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NCJ Number: 219678 Find in a Library
Title: Using Neuropsychological Profiles to Classify Neglected Children With or Without Physical Abuse
Journal: Child Abuse & Neglect  Volume:31  Issue:6  Dated:June 2007  Pages:631-643
Author(s): Pierre Nolin; Louise Ethier
Date Published: June 2007
Page Count: 13
Type: Report (Study/Research)
Format: Article
Language: English
Country: United States of America
Annotation: This study investigated whether cognitive functions might differentiate neglected children from non-neglected children and described the impact of multiple types of maltreatment on children.
Abstract: The results indicated that cognitive performance could be used to identify the cumulative effects of neglect with physical abuse compared to neglect alone. Specific cognitive characteristics emerged for both the neglected groups with or without physical abuse. Participants who suffered neglect with physical abuse exhibited cognitive deficits in auditory attention and response set, visual-motor integration, problem-solving, abstraction, and planning. Participants who suffered neglect without physical abuse differed from the comparison subjects only in the areas of auditory attention and response set, and visual-motor integration, where they showed a deficit when compared to the comparison subjects. On the other hand, participants who suffered neglect without physical abuse scored higher than comparison subjects on problem-solving, abstraction, and planning. The two groups of neglected participants thus shared impaired auditory attention, flexibility, response inhibition, and visual-motor integration. The findings lend support to other studies that have found links between severe stress and alterations in brain structures and functions in children. The research involved comparing 79 children ages 6 to 12 years who were receiving Child Protection Service due to either neglect with physical abuse or neglect without physical abuse to a group of comparison children matched for age, gender, and annual family income. Participants were recruited over an 18 month period from and around a mid-sized city in Quebec, Canada. Comparison subjects were recruited via a letter home from their schools requesting participation in a study on child cognitive development. Participants and comparison subjects completed a neuropsychological assessment that measured motor performance, attention, memory and learning, visual-motor integration, language, frontal/executive functions, and intelligence. Data were analyzed using MANOVA with group membership as the independent variable and the neuropsychological test results as the dependent variables. Tables, references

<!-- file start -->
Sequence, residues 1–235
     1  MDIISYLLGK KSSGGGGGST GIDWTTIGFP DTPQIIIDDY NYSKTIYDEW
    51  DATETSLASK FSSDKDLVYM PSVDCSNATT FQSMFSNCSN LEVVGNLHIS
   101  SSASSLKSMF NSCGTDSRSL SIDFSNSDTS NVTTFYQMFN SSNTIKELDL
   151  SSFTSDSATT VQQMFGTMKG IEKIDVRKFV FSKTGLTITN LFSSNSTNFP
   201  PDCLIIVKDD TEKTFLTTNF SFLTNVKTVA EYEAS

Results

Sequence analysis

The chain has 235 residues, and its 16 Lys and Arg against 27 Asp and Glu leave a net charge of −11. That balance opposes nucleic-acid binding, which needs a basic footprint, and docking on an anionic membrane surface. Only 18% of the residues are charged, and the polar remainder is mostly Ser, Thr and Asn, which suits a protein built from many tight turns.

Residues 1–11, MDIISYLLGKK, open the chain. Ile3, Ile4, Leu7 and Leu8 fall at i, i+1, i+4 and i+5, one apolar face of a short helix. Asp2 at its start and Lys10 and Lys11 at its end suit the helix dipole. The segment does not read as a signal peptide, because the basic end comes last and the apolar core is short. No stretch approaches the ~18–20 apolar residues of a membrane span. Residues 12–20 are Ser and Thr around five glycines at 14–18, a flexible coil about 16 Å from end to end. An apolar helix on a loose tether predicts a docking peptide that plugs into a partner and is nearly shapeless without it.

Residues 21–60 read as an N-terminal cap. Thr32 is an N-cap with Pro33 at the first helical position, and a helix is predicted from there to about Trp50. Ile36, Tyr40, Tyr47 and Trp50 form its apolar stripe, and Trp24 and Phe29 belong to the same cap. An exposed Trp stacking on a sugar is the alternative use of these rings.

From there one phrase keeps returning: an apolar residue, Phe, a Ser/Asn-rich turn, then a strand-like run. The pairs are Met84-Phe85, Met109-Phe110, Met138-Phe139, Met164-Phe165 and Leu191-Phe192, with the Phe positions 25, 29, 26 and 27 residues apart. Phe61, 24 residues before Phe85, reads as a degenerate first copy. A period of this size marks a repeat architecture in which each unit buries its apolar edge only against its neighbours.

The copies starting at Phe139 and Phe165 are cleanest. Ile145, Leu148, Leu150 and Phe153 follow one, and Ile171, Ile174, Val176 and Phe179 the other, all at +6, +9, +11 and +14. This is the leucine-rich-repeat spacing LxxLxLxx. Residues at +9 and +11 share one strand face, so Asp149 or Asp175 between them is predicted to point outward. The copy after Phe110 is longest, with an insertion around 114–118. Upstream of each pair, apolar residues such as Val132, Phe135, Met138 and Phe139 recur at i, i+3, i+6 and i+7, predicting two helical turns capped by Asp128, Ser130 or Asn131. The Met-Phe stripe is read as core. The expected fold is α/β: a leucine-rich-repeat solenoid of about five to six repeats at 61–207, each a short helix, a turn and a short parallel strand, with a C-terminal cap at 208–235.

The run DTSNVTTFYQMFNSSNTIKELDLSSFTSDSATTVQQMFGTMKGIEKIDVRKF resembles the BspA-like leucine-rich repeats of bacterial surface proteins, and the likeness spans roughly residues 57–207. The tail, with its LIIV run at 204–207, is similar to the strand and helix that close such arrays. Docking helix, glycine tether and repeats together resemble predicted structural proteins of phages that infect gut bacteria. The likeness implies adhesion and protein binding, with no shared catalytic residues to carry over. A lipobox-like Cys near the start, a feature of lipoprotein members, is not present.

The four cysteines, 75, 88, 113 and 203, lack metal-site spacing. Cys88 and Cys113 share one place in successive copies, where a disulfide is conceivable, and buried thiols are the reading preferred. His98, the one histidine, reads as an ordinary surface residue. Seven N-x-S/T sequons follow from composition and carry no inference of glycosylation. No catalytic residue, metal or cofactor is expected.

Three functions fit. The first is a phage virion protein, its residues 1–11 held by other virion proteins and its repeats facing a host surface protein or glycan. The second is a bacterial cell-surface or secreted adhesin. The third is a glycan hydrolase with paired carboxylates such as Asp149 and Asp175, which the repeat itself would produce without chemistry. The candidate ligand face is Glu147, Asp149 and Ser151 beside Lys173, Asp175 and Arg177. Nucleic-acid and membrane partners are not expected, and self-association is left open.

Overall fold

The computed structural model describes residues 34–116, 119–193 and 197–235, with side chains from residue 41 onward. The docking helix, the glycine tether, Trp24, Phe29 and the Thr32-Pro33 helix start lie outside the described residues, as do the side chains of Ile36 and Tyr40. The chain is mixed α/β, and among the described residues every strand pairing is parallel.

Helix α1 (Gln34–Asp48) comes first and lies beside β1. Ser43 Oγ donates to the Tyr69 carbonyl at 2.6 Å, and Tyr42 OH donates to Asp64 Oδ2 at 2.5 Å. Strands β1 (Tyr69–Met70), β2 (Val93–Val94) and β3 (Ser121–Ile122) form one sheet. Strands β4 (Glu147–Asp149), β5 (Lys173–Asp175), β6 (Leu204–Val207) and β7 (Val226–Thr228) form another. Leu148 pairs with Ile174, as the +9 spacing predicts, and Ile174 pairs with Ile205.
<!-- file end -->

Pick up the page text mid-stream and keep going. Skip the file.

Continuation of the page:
Main Term(s): Child abuse; Child emotional abuse and neglect
Index Term(s): Canada; Child development; Cognitive developmental theory; Neurological disorders
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